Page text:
ALEXANDRIA, VA - NACS blasted the U.S. Department of
Justiceï¿½ï¿½s recent ruling that removes obstacles for state lotteries to offer online lottery tickets.
"The ruling is not only bad for convenience stores and the
communities that they serve, it is potentially bad for the states that are
seeking any means necessary to fill budget gaps," said NACS Director of Government Relations Corey Fitze. "Not to mention that we have
concerns that DOJ actually ignored existing law."
New York and Illinois officials have already indicated that
they intend to move quickly to set up online lottery games, pending federal
NACS is strongly advocating that the ruling be overturned
and is citing several points:
The Department of Justice did not take into account
DOJ did not analyze the Unlawful Internet Gambling
Enforcement Act of 2006 (UIGEA), which blocks payment for any gambling on the
Internet ï¿½" including lotteries. Congressï¿½ï¿½ intent in passing UIGEA was, based on
the Departmentï¿½ï¿½s decades-long positions, to keep any lottery games on the
Internet illegal. The Department also failed to analyze the provisions of the
law separate from the Wire Act (such as 18 U.S.C. 1301) specifically making the
interstate communication of lottery chances illegal.
Neighborhood convenience stores will be hurt.
Convenience stores, of which 62% are small, single-store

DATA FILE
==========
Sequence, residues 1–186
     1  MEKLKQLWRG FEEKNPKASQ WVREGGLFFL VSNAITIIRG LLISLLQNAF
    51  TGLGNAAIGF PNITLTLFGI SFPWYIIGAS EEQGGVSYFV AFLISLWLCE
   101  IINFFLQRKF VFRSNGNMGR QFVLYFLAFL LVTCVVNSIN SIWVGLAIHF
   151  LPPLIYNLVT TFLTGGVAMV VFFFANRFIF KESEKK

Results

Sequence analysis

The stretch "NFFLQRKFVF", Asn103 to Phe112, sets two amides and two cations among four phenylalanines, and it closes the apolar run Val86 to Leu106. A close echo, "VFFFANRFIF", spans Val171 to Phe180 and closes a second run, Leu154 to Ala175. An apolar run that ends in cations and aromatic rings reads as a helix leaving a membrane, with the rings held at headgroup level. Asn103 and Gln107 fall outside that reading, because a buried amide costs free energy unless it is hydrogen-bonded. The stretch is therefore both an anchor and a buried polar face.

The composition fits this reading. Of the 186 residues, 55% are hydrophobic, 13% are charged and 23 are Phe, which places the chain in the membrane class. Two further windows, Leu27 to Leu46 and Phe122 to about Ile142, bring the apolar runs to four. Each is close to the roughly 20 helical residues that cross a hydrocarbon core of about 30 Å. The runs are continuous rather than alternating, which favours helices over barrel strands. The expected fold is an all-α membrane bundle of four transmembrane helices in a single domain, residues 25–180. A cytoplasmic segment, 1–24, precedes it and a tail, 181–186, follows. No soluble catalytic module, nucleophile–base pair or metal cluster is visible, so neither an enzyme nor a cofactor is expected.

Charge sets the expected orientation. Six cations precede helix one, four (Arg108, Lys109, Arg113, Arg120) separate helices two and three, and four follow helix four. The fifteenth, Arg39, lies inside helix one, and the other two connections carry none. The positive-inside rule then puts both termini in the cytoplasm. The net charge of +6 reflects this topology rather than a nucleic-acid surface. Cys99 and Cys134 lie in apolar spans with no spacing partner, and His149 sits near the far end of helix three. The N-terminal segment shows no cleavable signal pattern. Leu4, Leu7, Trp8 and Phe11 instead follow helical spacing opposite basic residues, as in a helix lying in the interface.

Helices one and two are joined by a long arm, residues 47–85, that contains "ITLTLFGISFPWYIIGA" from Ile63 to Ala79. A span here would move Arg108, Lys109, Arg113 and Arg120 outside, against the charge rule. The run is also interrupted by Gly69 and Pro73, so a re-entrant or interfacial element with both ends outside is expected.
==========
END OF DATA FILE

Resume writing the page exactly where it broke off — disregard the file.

businesses, depend upon the foot traffic created by lottery sales to get
customers into their stores. Lottery brings in more than the 5% commission per
ticket; it brings in lottery customers who buy roughly 50% more items than the
This creates problems with gambling addiction.
Customers at brick-and-mortar stores were, and still are,
prohibited from purchasing tickets with a debit or credit card. Yet online
lotteries will rely upon debit and credit card transactions. If the reasons
preventing retailers from accepting credit and debit cards for payment are
still valid, why are they not applied online? Also, sales at brick-and-mortar
retailers provide a face-to-face interaction that could determine age and
sobriety, for example. Online lottery opens a Pandoraï¿½ï¿½s Box of possibilities
for underage sales and problem gamblers.
State income will be far less predictable.
There may be filters in place to prevent state residents
from playing games in other states on desktop computers, this is not the case
with tablets and smart phones ï¿½" and the lotteries wonï¿½ï¿½t be able to stop them
from playing from anywhere. Convenience store retailers see price sensitivity
to gas prices ï¿½" consumers will go somewhere else to get a better "deal" on gas.
We expect the same thing will happen with state lotteries. Lottery players will
go where the best "deal" is, and a few states will attract the bulk of
customers, while the others will likely see significant drops in sales.
States will get less income per sale.
As states compete to offer the best "deal" on lotteries,
states will be forced to sweeten deals and likely reduce the funds that go into
scholarship programs. Further, the new credit and debit card swipe fees that
will be incurred will significantly add to operating costs.
Action needs to be taken to fix this mess.
DOJ needs to work with Congress to
clean up the mess it has created. The first step would be for it to publicly
recognize that Internet lotteries remain illegal under federal law ï¿½" no matter
how it views the Wire Act. The next step would be for it to advocate for new
legislation clarifying that Internet gaming is illegal, just as it has claimed
for decades. Without these actions, there could be serious ramifications for
small neighborhood businesses and the communities that they serve.